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‘American Crime Story: The People vs. O.J. Simpson’ Episode 5 Recap: ‘The Race Card’


With every episode of American Crime Story, the racial war that has been brewing since the inception of the series only grows more and more apparent and severe.

Cochran takes center stage this episode, opening with a flashback to when he was personally a victim of racial injustice at the hands of the LAPD back in 1982, handcuffed on the front of his car in front of his two young daughters, just because he was black — and the only reason the injustice stopped there was because the officer realized that Cochran was indeed the assistant DA.

Each side has begun to prep their cases for the beginning of the trial. Clark begins building her case on Simpson’s past, specifically referencing the 62 counts of domestic abuse he has garnered so far. In alternating shots, Cochran and the rest of Simpson’s team know this and aim to dissuade it. Clark uses all the blood evidence to keep stacking their case with mountains of physical evidence. It’s this kind of hard evidence that could put OJ away.

Cochran aims to discredit Officer Fuhrman and the way the evidence was handled, but what neither side prepares for doesn’t matter: As Cochran says, it isn’t evidence that wins cases, it is the story, so the winner in this case boils down to which side can spin a better tale.

A major point of contention seems to be what to do with the Officer Fuhrman, who has had previous instances of racial injustice by using racial slurs, so in prepping him for trial, Clark hands him off to the one black lawyer on their side: Darden. Darden has misconceptions about Fuhrman, seemingly buying into the fact that he may indeed be racist, but Clark doesn’t care. She wants to use him as a witness and it is merely Darden’s job to just do as he is told. Even the race narrative has bled its way into the walls of the DA’s office.

Both sides head into the pre-trial motions, and see exactly what is feared to happen: Shapiro aims to get all of the domestic abuse counts thrown out of court, citing that they are not part of a murder investigation, but rather a different case altogether. Clark’s team of course scoffs at this, saying that these exact instances are what characterize Simpson as the murderer he may very well be.

The pre-trial motions also pit black lawyer against black lawyer; Darden versus Cochran. Darden wants the language in the courtroom to refrain from using racial slurs in any capacity because he knows it will influence the jury, and Cochran comes back on the basis that it is his right to use it, and any black person’s right to use these words. The war continues on up until the opening statements of the trial. The fire between Darden and Cochran rises, the racial war outside the walls of the court rises, even the battle between Cochran and Shapiro rises as Shapiro purposefully neglects to include some witnesses in order to mess with Cochran.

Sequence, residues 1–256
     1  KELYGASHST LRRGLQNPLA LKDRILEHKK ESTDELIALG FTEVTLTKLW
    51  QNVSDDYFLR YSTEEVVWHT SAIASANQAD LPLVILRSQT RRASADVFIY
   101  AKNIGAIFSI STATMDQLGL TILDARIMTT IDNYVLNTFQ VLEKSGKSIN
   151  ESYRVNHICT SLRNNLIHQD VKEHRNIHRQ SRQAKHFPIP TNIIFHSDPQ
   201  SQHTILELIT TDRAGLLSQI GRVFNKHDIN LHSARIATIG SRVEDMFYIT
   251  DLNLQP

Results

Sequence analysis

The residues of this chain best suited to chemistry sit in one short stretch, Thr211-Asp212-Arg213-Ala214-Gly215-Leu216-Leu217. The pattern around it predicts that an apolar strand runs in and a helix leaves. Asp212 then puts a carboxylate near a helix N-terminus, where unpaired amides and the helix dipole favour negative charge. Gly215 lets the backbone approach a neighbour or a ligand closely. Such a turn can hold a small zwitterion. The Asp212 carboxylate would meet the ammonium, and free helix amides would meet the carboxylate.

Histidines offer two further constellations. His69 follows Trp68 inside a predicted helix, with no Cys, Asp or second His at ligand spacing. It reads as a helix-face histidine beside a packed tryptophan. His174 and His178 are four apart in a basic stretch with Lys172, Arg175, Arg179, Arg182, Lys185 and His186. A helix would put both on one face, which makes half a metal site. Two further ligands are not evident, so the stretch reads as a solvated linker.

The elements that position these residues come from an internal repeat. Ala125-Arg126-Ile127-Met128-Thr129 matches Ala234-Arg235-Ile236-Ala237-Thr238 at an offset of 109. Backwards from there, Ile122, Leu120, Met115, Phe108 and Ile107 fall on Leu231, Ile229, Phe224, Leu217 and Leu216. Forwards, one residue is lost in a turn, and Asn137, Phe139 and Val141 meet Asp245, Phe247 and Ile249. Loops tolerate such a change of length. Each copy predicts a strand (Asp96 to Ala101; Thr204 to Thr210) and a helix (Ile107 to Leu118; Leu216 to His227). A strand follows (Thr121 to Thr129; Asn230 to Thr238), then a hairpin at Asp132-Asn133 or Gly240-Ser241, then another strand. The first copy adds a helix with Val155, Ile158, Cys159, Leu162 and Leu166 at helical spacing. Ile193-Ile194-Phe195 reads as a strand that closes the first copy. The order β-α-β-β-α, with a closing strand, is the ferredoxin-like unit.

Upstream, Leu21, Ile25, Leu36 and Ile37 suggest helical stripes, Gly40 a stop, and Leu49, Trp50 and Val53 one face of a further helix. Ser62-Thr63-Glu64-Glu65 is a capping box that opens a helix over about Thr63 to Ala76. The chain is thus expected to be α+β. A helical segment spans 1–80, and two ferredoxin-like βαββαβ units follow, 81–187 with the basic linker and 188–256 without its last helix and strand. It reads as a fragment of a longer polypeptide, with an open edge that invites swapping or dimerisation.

Yet each side soldiers on as Clark and her team and Cochran and his team all stand in front of Judge Ito. Since the names of the witnesses were never submitted, Clark and her team are blindsided with this new information. The blatant disregard for the judicial process, as well as the lack of respect for the people, upsets DA Bill Hodgson so much that he suffers a heart attack, effectively removing him from the case and allowing Darden to rise up.

The next step in the trial is to allow the jury members to actually go to the scene of the crime, Simpson’s Brentwood home, with Simpson, his team, and prosecution present as well. Cochran, knowing this, takes matters into his own hands and redecorates the home in order to suit his story and characterization. Gone are the photos of half-naked women and white golf buddies, and in comes photos of his mother and pro-black artwork. It’s all a means to pull the wool over the jury’s eyes and paint Simpson as the hero; the celebrity the general public likes to view him as. It infuriates Clark and her team because it works.

Instead of seeing evidence of Nicole as a loving mother, the jury members are influenced by Simpson’s Heisman trophy. It’s a game that Cochran wins, hands down.

The ending of the episode still circles back to the issue of Fuhrman and his inclusion in the case. Darden, while prepping him as a witness, realizes that Fuhrman might be racist — or at the very least his previous instances of racism will prove to be detrimental. Darden argues with Clark over this and eventually wins by allowing Clark to take over the preparation of Fuhrman, effectively making it a white person prepping a white person, and not a black person prepping a white person.

Fuhrman ends the episode as a mystery; an enigma of a witness who could help or hurt Clark and her efforts. The episode ends with Fuhrman standing over his World War II memorabilia, which includes a medal with a swastika. Each week the trial takes more and more room on the center stage, so next week should throw Clark, Cochran, and Simpson even deeper into the trial of the century.

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Next: 'American Crime Story' Episode 3 Recap

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